Andersen's Obvious Oversightby Kyle Michaelis
Today's column offers a good example of the crippling limitations on his still-partisan perspective, whether such partisanship is official or not. After running through some of the enormous expenses on the horizon for the state of Nebraska and hinting at the inadequacy of Gov. Dave Heineman's calls to study them further, Andersen writes:
This is primary election time, and the governor's proposal to reduce taxes has the appearance of greater feasibility if inexpensive studies and delayed action can be substituted for appropriating funds to address problems now.
It also helps to borrow $191 million from the state's cash reserve. The governor's taxcutting budget also depends on optimistic estimates of growth in state tax collections in coming months.
Heineman's performance is probably about what could be expected as he approaches a May primary election showdown with U.S. Rep. Tom Osborne, who is challenging Heineman for the Republican gubernatorial nomination.
As for Osborne, his call for larger tax reductions than Heineman has proposed is not unexpected but is nonetheless subject to question.
I believe that until the need for tax revenue has been better determined - the need to deal with such things as the meth epidemic and the well-documented malfunctioning of the state foster care system - it is obviously premature for Heineman, Osborne or any state legislator to propose tax-rate reductions.
Osborne's approach to state taxing and spending issues would be more credible if he would offer some evidence of what he calls hundreds of millions of dollars of unnecessary state spending and how he would go about reducing such spending, beyond his expectation that a comprehensive study by experts from the private sector would come up with recommendations.
Let's hope that the Legislature, in which nearly three-fourths of the members are serving their last term, will deal more realistically with state spending needs than we apparently can expect from candidates whose political future, at least for the next four years, will be determined by Republican primary voters some 16 weeks from now.
How sad it is to see an old man so lost to low expectations that he refuses to even look for a better alternative to the irresponsible political pandering of the Republican candidates for governor. He writes of the legislature as the state's last hope for common sense and actual leadership, conveniently forgetting or failing to even realize that there is another candidate for governor in this state asking the same questions as Andersen and pointing out the same weaknesses in Heineman, Osborne, and Co.'s tax-cut proposals.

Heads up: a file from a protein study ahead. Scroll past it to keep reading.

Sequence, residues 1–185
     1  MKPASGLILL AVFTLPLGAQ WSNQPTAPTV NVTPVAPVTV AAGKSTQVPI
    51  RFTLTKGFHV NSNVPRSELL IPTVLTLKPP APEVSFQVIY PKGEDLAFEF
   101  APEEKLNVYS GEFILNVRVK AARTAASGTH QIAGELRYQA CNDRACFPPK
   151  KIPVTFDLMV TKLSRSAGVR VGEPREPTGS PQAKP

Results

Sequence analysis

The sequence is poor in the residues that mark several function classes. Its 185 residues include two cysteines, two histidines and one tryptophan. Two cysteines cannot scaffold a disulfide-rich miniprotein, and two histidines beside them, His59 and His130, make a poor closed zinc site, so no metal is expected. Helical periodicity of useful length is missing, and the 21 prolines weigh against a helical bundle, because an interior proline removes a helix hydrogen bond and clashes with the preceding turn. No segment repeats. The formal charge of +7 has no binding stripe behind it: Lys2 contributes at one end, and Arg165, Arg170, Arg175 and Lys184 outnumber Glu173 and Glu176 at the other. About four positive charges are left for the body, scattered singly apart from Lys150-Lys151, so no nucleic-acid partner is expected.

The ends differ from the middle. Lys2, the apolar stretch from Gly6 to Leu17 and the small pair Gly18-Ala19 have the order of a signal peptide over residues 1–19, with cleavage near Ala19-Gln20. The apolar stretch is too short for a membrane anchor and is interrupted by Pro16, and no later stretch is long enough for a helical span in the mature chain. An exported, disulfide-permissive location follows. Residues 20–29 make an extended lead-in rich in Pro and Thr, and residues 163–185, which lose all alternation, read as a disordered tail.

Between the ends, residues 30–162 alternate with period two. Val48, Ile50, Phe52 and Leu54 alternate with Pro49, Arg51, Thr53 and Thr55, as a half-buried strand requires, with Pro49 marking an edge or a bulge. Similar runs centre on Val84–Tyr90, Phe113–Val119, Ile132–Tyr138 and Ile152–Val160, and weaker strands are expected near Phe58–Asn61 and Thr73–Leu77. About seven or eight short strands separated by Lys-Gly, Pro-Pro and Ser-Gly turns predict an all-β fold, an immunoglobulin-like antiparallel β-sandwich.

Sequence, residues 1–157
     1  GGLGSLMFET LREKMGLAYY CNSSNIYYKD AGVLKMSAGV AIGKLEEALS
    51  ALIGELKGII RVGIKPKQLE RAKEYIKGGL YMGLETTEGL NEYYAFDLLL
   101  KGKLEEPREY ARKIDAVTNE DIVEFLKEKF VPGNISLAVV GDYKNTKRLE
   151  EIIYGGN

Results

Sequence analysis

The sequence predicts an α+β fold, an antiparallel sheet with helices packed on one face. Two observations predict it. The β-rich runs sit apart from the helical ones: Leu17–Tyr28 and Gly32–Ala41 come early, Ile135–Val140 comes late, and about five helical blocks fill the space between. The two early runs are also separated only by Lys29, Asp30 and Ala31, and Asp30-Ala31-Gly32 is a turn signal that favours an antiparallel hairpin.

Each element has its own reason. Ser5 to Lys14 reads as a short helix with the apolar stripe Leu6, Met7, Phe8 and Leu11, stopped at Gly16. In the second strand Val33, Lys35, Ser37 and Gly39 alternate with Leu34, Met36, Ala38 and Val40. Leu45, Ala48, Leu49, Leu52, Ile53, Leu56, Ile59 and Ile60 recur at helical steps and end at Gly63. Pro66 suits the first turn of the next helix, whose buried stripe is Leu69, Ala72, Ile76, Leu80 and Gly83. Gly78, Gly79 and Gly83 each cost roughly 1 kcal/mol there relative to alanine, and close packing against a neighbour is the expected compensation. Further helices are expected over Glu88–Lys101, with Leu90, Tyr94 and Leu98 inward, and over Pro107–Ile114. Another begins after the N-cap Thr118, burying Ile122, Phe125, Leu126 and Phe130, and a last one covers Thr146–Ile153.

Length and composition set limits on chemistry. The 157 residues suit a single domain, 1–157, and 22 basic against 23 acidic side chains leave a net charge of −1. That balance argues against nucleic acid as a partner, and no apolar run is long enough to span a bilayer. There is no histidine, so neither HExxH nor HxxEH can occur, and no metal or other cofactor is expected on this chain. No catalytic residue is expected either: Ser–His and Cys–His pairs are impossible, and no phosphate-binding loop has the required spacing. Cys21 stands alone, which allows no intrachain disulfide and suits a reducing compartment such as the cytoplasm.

Mr. Andersen, meet Mr. David Hahn (from Sunday's Lincoln Journal-Star):
As the Republican gubernatorial primary battle rages to a drumbeat of competing tax cut promises, Democratic candidate David Hahn suggests a more “prudent and realistic approach.”
Tax reductions, he said, “always would be on the table in my administration, but I think it’s important to look at things realistically.”
One of the factors that deserves serious consideration, Hahn said, is legislative fiscal analyst Mike Calvert’s conclusion that the state may need a much larger cash reserve to avoid substantial budget cuts or tax increases in the near future.
Careful consideration also ought to be given to future obligations attached to such issues as current and new business tax credits, Medicaid reform and prison overcrowding, Hahn said in a Friday interview.
“Not one Republican is talking about this,” the Lincoln attorney and Internet entrepreneur said....
“How can you talk about tax reductions until you talk about the cost of business incentives? It’s not that I’m against tax credits to (stimulate) business, but we need to know what the costs are.
“And I am not against tax cuts,” Hahn stressed. “They will always be under consideration by me. But one of the reasons I got into this race was I was not hearing reality-based positions on these issues.”
What's the problem here? Andersen writes as if Heineman and Osborne's hijinks are the best voters can expect, yet here's a candidate who's taking the high road, being sensible, and speaking truth and he acts as if Hahn doesn't even exist. What's up with that?
While opinionated and prideful enough that he's never been strictly constrained to the Republican party line, it's clear Andersen has the unfortunate inability to think as anything but the life-long Republican he remains at heart. It's impossible to know whether he fails to mention Hahn and give him credit for being a better, more principled candidate because he doesn't want to say anything nice about a Democrat or simply because he's deaf to the truth when it comes from a Democrat's lips.
Let's just pray the people of Nebraska aren't similarly afflicted - trapped by a partisan allegiance that violates common sense, shatters hope, and can actually bring a man to betray his own intellect.